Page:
Foster an Animal

Fostering is simply nurturing a shelter pet in your home for a period of time. The majority of animals fostered are litters of kittens. Kittens and sometimes puppies come to the shelter stray or abandoned and are too young and fragile to be placed in permanent homes. They need the security of their littermates, they need special care, and they need to learn important lessons from each other.

That's where you come in. Just like kids, kittens and puppies learn to get along with each other by playing. They learn limits, they learn tolerance, and they learn not to hurt each other — too much! This littermate interaction is essential for the healthy development of puppies and kittens. Fostered litters also learn about the home environment — other cats, dogs, and kids. When they return for adoption, they are often the most outgoing, confident animals in the shelter.

Other animals that may need fostering are animals recovering from surgery, or those that for some reason need time in a home before being adopted. This is particularly true of some of the dogs that come in and haven't truly been part of a "family".

Some dogs just benefit from getting out of the kennel for a "sleepover" or a weekend break. You can help make a difference in the life of a shelter animal — and have a lot of fun, too!

In terms of commitment, the length of time an animal requires in a foster home is entirely based on the individual animal. Animals can be fostered anywhere from two weeks, to a few months, and occasionally, a year or more. It is all based on the animal and your desired level of commitment. We do require foster parents to commit to at least one foster pet (or litter) per year. Foster parents are individuals too, and while one family may foster many litters of kittens in a year, another may take on a “fospice” dog for an undetermined amount of time, or take on a litter of bottle feeding kittens in our peak season. All of your time spent caring for foster animals is valued more than we can say. You help us save lives!

If you are interested in becoming a pet foster parent, please complete our online application, and then complete a foster inquiry form based on your foster animal of choice. Once your application and form have been received, shelter staff will email you to move forward as a new foster parent with the Humane Society!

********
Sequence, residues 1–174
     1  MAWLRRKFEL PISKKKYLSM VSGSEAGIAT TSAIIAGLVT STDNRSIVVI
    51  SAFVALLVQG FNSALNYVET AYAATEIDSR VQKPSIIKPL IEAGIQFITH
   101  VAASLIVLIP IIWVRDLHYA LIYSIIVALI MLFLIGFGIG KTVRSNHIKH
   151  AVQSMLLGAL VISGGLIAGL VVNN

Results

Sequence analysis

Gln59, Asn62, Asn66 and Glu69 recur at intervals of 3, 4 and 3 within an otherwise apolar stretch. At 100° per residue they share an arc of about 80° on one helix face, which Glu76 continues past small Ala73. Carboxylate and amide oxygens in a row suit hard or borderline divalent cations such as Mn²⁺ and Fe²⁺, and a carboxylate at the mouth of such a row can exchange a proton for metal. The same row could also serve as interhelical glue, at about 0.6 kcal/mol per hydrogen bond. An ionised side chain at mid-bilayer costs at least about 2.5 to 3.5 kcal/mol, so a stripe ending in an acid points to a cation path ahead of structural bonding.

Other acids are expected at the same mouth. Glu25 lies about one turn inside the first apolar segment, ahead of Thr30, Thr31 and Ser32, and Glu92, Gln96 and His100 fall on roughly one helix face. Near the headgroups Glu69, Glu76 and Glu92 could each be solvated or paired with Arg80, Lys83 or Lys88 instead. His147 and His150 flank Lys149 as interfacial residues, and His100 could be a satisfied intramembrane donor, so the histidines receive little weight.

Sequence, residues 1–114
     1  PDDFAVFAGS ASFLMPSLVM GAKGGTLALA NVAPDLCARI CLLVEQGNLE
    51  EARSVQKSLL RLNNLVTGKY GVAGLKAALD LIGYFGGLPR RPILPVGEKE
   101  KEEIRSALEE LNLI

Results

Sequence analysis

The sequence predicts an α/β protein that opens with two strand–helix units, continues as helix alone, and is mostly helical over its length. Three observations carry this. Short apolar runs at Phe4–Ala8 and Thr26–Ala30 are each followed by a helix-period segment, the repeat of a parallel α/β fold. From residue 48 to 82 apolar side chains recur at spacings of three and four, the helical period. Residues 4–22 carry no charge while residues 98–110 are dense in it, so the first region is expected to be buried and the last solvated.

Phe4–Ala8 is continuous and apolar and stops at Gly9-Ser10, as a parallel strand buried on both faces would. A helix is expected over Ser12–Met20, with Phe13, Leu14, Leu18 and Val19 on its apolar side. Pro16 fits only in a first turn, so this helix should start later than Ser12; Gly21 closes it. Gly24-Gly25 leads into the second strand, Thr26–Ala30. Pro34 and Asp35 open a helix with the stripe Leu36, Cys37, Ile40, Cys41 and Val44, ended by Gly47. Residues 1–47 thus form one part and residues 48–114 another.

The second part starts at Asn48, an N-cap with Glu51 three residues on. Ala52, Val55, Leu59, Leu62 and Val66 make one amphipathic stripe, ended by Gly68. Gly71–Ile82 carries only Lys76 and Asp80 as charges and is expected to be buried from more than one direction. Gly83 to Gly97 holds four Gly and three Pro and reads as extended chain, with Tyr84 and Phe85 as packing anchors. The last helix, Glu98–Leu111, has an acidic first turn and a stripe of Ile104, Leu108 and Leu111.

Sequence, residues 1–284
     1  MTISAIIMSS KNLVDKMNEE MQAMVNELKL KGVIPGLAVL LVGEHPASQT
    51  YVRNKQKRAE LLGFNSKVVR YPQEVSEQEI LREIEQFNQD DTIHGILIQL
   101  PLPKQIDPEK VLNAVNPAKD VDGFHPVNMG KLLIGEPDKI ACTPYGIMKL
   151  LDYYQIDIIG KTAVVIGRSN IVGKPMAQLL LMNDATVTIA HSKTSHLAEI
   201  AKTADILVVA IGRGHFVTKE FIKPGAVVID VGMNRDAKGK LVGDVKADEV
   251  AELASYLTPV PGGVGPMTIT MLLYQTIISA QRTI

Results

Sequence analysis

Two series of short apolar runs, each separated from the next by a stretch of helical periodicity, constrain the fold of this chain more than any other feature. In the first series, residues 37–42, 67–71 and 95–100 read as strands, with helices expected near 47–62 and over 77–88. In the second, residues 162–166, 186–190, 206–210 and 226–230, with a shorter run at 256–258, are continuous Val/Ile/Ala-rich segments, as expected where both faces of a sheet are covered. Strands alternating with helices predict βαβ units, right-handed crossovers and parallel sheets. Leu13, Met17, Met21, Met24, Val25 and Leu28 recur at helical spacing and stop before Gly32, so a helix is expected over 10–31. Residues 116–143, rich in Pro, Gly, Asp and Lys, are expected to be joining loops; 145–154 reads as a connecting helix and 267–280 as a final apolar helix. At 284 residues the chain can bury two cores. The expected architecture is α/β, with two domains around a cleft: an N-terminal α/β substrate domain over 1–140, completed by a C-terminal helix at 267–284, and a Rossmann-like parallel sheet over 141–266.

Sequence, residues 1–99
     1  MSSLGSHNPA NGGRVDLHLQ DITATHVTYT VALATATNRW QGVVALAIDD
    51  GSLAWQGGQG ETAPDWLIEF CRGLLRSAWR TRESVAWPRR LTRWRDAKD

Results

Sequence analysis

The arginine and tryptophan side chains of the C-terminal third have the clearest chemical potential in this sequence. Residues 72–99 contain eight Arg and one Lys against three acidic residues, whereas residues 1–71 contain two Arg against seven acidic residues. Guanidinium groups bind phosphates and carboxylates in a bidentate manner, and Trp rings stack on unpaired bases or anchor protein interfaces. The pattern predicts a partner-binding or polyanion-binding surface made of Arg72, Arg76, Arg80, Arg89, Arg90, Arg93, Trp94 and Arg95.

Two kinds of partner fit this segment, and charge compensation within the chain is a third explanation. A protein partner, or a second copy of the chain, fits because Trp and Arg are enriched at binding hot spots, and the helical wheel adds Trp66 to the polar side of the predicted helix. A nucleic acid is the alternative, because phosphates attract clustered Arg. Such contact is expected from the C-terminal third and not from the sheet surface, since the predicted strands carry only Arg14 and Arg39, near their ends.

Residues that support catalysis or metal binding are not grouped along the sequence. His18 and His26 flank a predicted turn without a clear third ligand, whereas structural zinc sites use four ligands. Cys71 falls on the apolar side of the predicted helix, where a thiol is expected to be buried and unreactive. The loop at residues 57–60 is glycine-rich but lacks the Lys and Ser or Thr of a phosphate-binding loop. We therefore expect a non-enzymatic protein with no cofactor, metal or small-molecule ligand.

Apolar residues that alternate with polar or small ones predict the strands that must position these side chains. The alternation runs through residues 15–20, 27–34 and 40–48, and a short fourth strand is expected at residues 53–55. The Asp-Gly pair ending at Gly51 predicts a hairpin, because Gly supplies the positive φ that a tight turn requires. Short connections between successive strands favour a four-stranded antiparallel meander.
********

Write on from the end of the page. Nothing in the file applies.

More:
Dog Foster Inquiry Form Cat Foster Inquiry Form   Rabbit/Exotic Foster Inquiry Form  

Wish List

The foster program is always in need of the following items to help us care for neonate and foster kittens.

KMR (Kitten Milk Replacer) Powder
Royal Canin brand "baby cat" food - canned and dry
Non-clumping cat litter
"Snuggle-safe" heating discs
Litter pans
Kitten food dishes
Small cardboard food trays
Kitten beds and baby blankets
Bottle warmers
Kitten nursing bottles
Kitten toys
Flea combs
Baby "wipe warmers"
Gerber "2nd foods" Baby Food - chicken or turkey
Cat nail clippers
Digital pet thermometer
Digital scale with ounces (kitchen scale)
Unscented baby wipes
Johnson & Johnson baby shampoo
Small pet carriers
Ziploc bags (gallon and quart)
Gift cards to pet supply stores

 Cash donations are gladly accepted:

$  10 will provide a digital pet thermometer, to help us check our kittens’ health.
$  20 provides one bag of high-quality food, to help kittens grow strong.
$  50 provides one Kitty Kasa to give our kittens a cozy place to sleep and play.
$  75 provides a medical scale so foster parents can track growing kittens.
$100 will provide a ‘going home kit’ for new foster parents, containing a digital scale, snuggle-safe heating disk, dry and canned food, bedding, and more!

Foster kitty 1ab